in New York pertaining to the prob-
lems of Poland, was extended. Leaves
of absence were also granted to Prof.
William A. Paton, of the economics
department, and to Prof. F. C. New-
combe, of the botany department. The
appointments of H. D. Bronson, '20E,
and Elinor Mullett, '21, were made.
Degrees were granted to the fol-
lowing: William F. Brown, '18L, de-
greeof LL.B., La Vern Ross, grad.,
degree of A.M., and C. Jewet, a nurse's
diploma. Raymond W. Fairchild was
appointed to a University fellowship.
The incorporation of the Law Re-
view was recognized. Previous to
this year the publication was publish-
ed by the law faculty, but hereafter
it wil be published by the Michigan

Law Review association. The Board
of Regents voted to hold the next
meeting on Friday, Dec. 13.
-General Pershing Enters Luxemberg
Luxemberg, Nov. 21 (Delayed). -
General Pershing, the American com-
mander-in-chief, and his staff, entered
the city of Luxemberg this afternoon
at the head of his troops. The gen-
eral was greeted by thousands of
cheering Luxembergers, and with the
blowing of sirens and the ringing of
church and school bells. The 18th
infantry of the first division were the
first American troops to enter the
city.
Yeoman IV. J. Hinchman Ill
Yeoman W. L. Hinchman is confin-
ed to his room with a severe cold.
This will prevent him from doing any
work in the navy headquarters un-
til next week.

COINGRESS CUTS
BIG REVENUE ILL
Body Confines Decrease to Tobacco,
Luxuries and Semi-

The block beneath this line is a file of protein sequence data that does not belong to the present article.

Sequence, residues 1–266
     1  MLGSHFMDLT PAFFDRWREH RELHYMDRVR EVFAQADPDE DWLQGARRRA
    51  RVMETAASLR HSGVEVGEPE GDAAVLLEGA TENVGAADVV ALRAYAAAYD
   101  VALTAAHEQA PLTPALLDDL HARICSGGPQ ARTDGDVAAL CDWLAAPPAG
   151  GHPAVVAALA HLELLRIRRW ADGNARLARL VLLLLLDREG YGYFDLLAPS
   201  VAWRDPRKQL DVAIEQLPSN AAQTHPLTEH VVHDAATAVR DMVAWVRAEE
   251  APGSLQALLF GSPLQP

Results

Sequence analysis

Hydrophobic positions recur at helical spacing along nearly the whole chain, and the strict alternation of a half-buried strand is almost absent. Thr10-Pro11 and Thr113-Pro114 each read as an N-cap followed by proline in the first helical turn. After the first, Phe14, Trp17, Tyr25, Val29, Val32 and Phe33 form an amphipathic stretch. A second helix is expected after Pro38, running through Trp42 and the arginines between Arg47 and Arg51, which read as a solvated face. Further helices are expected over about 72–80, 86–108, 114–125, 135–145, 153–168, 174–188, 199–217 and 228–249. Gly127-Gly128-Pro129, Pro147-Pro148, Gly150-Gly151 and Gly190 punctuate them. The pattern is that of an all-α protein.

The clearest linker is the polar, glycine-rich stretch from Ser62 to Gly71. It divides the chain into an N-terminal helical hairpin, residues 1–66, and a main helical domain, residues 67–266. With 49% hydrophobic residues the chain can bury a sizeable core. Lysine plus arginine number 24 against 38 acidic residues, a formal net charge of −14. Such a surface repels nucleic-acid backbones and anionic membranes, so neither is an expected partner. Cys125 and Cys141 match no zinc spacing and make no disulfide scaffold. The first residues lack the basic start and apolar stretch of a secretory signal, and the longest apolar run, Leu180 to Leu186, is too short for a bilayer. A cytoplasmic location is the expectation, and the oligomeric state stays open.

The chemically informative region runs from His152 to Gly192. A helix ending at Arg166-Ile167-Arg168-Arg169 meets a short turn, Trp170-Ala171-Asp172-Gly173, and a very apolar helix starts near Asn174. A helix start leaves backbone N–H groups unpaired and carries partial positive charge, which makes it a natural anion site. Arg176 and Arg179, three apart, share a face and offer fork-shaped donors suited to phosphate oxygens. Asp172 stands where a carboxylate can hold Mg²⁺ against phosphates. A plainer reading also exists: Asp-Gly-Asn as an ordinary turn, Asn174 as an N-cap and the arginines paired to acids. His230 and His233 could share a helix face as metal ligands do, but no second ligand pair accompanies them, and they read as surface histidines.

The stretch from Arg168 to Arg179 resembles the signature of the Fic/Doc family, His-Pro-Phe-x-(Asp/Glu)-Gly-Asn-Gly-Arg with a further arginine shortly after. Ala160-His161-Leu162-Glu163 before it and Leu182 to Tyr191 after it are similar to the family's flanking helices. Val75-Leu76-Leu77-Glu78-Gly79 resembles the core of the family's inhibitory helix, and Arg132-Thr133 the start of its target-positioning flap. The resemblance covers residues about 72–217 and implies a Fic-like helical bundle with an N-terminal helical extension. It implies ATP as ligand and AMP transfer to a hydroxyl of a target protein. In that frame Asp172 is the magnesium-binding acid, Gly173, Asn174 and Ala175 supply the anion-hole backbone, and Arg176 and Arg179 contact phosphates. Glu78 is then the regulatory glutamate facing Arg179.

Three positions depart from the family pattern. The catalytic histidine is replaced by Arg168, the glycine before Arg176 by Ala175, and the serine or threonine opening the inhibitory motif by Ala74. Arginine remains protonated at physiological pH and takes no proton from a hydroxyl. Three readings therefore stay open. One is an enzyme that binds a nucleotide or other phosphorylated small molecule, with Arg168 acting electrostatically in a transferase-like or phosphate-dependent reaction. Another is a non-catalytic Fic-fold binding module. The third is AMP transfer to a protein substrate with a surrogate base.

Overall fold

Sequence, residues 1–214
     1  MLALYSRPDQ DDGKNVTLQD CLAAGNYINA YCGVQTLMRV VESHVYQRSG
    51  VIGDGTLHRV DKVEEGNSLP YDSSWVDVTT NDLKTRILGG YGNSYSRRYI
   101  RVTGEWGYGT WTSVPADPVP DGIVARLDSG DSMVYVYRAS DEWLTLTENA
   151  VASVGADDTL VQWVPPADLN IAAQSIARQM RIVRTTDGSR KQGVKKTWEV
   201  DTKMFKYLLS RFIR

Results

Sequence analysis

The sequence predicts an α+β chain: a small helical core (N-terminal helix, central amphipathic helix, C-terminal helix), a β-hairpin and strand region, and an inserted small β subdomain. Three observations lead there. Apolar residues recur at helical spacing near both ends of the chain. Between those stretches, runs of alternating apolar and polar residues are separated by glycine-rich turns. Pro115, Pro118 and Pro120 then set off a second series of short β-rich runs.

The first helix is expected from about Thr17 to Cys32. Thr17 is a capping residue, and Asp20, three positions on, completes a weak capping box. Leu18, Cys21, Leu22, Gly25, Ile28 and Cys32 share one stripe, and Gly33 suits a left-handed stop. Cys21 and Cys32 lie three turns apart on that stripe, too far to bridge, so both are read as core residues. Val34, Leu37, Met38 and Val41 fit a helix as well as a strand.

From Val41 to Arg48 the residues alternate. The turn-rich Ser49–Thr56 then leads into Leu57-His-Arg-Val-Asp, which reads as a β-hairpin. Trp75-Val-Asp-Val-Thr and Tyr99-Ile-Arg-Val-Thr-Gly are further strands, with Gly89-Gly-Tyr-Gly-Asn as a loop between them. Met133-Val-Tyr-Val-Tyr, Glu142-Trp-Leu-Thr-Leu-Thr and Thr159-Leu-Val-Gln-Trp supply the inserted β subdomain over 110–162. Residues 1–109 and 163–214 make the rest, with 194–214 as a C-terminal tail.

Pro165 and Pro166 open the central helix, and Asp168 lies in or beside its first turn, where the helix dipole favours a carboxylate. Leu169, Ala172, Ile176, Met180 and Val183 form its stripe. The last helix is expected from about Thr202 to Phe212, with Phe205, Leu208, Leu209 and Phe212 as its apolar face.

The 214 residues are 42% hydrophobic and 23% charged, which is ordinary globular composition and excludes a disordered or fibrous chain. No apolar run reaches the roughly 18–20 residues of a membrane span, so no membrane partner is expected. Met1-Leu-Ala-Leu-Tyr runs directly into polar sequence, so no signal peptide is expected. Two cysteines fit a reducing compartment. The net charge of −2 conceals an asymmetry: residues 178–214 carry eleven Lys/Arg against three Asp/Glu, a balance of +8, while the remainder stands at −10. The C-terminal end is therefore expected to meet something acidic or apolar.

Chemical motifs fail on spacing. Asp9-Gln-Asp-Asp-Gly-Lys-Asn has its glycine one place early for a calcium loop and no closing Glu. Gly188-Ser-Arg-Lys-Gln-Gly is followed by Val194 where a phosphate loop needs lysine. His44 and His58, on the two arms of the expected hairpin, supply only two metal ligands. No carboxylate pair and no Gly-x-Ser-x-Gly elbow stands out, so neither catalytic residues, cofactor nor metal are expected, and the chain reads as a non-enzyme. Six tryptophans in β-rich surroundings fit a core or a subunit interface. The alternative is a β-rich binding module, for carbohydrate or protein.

. Luxuries
LOSS OF GASOLINE TAX
COSTS U. S. $40,000,000
(By Associated Press)
Washington, Nov. 22. - Reduc-
tions aggregating $500,000,000 in the
yield from the new war revenue bill
were made today by the senate fi-
nance committee in revising the meas-
ure downward in the $6,000,000,000
total for 1919 proposed by Secretary
McAdoo. The decrease was confined
principally to the tobacco, luxury,
semi-luxury, and other special and
excess schedules.
Among the more important deci-
sions today were elimination of the
luxury schedule proposed in the house
bill, levying of 20 per cent on costly
articles of clothing and other mer-
chandise, and estimated to raise
$184,795,000; elimination of the house
tax of two cents a gallon on gaso-
line, estimated to yield $40,000,000;
reduction from 15 to 5 per cent, or
about $200,000,000 in revenue in rates
on many articles classed as semi--
luxuries, and a reduction of about
one-half of the house rates on tobac-
co, a cut of about $54,000,000 in rev-
enue.
Football Program
flMakes Quick Hfit
The moment it hit the street, it
created a sensation-that is what they
say of the 1918 M. A. C.-Michigan of-
ficial football program.
.Hundreds of the clever little book-
lets about the game this afternoon
were sold yesterday, immediately aft-
er it had come off the press. The
five color cover illustrating football,
and both branches of the service as
well, proved irresistable to the people
on the streets, and the issue went like
hot cakes.
More will be ready for the public